Isla San Francisco

Mar 25, 2019 - National Geographic Venture


Early morning found National Geographic Venture anchoring by Isla San Francisco, just south of our bonfire site at Isla San Jose. The same oranges and reds let off from the preceding night now illuminated the sky as the sun rose over the Sea of Cortez, lending a brilliant shimmer across the waters of Half Moon Bay. That morning we ate our satisfying breakfast in the distant company of the island we were soon to explore.

Ridge hikes and photographic salt flat walks on land as well as off-shore tours by Zodiac, kayaking, paddleboarding, and snorkeling were all part of today’s itinerary. The ridge hikers saw marked terrain change as they moved inland from the smoothed shell and volcanic rock beach into soft, grass-filled dunes and later soil and settled volcanic scree. After crossing through the various ecosystems of Isla San Francisco and passing by empty osprey nests and ossified lava, our ridge hikers eventually worked their way up to a bird’s-eye view of the activities happening around them.

The afternoon of cruising had whitecaps for navigating at first, but National Geographic Venture sailed through with relative ease, with only a gentle side-to-side rocking, despite the swells. The passengers gathered on the bow to view sperm whales, and not for the first time since we’ve been out here! Conditions were prime for excitement this afternoon, with the whitecaps and slight swell meaning we would have to search through our binoculars and long lenses in order to catch those sought-after views of angled spouts and sperm whale backs.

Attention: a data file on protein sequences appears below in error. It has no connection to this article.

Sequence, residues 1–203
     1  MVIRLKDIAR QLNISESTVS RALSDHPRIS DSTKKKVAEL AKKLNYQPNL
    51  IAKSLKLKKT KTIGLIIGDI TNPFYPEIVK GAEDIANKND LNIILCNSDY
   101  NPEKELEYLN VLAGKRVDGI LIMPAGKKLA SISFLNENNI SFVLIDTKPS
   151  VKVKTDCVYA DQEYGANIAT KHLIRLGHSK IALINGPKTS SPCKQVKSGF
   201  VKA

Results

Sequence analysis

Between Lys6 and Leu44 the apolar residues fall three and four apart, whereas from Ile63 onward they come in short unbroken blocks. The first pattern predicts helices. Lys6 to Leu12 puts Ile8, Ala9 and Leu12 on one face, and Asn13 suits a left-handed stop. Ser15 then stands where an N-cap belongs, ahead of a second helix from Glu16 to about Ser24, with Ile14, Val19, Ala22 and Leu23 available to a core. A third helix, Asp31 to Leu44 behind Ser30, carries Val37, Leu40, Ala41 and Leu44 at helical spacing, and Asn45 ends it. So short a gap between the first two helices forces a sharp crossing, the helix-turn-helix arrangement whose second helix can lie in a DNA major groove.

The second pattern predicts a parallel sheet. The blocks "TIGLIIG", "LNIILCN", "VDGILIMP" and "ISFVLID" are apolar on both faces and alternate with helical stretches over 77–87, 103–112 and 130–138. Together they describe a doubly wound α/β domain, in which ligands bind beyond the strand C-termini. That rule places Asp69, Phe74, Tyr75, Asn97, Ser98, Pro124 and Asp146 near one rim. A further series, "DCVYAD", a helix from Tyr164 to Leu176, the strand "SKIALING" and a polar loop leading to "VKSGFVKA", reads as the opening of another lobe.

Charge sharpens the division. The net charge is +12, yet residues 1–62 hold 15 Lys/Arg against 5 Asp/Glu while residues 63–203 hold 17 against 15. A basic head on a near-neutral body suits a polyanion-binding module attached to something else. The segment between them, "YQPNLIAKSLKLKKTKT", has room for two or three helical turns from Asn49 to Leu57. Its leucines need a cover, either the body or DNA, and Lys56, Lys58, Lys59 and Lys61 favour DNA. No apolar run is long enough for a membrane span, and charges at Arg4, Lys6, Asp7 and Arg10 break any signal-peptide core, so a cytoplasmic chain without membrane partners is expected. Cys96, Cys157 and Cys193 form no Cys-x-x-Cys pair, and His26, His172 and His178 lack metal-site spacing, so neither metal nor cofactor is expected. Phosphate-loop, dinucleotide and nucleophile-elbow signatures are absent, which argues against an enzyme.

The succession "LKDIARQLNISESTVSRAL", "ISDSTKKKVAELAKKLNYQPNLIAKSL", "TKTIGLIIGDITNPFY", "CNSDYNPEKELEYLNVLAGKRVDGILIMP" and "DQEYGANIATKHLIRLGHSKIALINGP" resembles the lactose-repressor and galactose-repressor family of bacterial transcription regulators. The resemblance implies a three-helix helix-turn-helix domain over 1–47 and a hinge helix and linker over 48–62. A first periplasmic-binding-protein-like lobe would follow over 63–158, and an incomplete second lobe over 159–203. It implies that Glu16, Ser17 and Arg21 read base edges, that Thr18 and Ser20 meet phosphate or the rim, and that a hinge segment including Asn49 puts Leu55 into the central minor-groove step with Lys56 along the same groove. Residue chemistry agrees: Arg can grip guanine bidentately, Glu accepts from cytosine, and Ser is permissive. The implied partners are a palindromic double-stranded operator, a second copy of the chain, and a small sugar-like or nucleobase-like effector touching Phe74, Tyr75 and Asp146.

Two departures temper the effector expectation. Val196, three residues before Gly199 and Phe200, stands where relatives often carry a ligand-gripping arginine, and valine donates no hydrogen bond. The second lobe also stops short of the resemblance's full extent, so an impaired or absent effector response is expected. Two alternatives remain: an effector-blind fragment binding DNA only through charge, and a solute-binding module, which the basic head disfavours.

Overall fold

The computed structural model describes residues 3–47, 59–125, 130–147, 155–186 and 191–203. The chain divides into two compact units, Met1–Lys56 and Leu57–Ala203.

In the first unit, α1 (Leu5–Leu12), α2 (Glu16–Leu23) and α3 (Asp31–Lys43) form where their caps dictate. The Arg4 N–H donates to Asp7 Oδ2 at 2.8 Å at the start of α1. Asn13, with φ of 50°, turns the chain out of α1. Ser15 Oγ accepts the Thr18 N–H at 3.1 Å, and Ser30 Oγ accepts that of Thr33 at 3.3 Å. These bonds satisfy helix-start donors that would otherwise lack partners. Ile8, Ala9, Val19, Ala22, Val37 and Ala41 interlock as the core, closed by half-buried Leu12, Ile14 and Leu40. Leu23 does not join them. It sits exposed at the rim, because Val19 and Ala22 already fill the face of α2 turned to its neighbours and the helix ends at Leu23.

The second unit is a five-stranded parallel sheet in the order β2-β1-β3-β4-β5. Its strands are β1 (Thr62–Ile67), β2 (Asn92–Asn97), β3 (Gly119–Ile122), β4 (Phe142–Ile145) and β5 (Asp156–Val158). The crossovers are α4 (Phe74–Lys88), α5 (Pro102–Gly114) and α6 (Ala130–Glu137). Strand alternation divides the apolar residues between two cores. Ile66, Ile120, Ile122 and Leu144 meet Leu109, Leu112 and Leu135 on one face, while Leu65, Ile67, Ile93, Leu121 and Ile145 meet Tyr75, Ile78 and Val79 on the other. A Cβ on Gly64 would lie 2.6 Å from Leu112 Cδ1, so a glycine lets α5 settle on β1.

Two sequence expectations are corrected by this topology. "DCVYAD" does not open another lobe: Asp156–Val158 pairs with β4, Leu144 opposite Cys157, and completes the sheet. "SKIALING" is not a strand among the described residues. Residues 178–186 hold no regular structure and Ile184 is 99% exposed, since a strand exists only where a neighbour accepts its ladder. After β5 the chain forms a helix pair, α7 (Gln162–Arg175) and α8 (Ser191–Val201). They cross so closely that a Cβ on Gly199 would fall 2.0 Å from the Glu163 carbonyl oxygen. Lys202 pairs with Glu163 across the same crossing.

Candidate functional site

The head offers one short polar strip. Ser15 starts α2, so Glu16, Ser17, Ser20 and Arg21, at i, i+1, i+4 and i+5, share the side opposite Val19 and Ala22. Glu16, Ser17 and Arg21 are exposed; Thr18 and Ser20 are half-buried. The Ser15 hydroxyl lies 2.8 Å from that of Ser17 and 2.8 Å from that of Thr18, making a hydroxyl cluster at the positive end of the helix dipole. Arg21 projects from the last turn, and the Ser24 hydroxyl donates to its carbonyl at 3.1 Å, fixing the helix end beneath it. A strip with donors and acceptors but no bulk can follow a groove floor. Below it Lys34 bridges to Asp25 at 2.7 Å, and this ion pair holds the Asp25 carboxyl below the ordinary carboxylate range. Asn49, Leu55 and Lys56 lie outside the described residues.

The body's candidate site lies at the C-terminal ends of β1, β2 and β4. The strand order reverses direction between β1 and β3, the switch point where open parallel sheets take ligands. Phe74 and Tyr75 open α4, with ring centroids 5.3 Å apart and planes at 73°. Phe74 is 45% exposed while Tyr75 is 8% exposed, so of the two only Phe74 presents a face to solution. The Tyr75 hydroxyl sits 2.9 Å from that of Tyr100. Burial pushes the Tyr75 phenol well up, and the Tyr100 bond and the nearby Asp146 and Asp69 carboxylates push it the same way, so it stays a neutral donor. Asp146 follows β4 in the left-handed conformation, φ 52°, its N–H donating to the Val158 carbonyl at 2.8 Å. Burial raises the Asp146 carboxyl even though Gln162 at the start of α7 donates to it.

As we headed further south, the swells calmed, allowing a more favorable space for drinks with friends, reading, and scanning for more wildlife. As the sun was setting, common dolphins began bow-riding towards the sunset. With the guests gathered in the lounge for the day’s recap on adventures, our expedition leader encouraged everyone to come out to the bow and enjoy the dolphins.

This day marks our last day in the Sea of Cortez. After today, our journey will continue around the Baja peninsula. This has been a day plenty in wildlife and adventure, and one of many over the course of this week that we will not forget!

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About the Author

Sarah Friedlander

Naturalist

Growing up with a large backyard, Sarah spent her childhood exploring the woods and bringing home frogs. When asked not to bring frogs into the house, she learned the difference between frogs and toads and was soon asked not to bring toads into the house either. Raised just outside of Washington, DC, she considers herself lucky to have grown up with exposure to a combination of the outdoors and the city, as it helped her pick with certainty which one she wanted to spend all her time in - the outdoors.

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